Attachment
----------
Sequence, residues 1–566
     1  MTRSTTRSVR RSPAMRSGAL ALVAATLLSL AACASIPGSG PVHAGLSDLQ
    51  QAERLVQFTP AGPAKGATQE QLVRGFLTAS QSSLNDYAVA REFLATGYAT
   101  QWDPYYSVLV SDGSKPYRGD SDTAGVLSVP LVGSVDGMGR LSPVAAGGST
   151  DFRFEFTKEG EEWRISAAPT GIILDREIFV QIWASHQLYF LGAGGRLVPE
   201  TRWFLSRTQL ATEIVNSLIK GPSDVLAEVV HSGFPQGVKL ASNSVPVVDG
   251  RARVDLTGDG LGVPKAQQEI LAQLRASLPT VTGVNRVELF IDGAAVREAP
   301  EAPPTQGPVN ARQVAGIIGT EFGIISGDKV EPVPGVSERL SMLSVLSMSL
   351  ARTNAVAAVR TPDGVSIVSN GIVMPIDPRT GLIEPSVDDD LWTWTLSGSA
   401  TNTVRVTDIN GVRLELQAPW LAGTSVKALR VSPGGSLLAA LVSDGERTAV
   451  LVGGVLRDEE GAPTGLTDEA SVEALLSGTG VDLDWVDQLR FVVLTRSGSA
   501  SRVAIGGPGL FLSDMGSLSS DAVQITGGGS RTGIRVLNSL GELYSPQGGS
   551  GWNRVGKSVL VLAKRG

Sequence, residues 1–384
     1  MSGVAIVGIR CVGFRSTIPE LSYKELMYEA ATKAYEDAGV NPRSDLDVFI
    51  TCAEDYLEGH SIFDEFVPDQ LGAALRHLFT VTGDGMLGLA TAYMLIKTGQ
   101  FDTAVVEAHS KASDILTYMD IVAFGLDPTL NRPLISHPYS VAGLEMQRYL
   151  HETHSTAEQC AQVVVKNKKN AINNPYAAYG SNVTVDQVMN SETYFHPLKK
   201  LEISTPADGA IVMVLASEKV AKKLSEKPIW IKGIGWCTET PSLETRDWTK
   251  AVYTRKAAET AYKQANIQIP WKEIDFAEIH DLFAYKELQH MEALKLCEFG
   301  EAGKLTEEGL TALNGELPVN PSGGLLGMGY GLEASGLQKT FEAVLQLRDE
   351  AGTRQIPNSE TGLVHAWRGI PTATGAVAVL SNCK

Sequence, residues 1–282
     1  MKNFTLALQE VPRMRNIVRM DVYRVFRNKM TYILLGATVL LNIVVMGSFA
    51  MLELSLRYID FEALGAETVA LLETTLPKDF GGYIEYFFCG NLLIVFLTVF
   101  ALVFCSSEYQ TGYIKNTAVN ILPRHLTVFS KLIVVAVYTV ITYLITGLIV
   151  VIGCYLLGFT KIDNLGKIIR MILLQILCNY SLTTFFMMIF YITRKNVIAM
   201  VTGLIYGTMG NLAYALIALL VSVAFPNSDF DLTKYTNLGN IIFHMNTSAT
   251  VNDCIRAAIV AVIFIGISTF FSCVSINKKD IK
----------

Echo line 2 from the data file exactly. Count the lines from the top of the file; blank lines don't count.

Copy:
     1  MTRSTTRSVR RSPAMRSGAL ALVAATLLSL AACASIPGSG PVHAGLSDLQ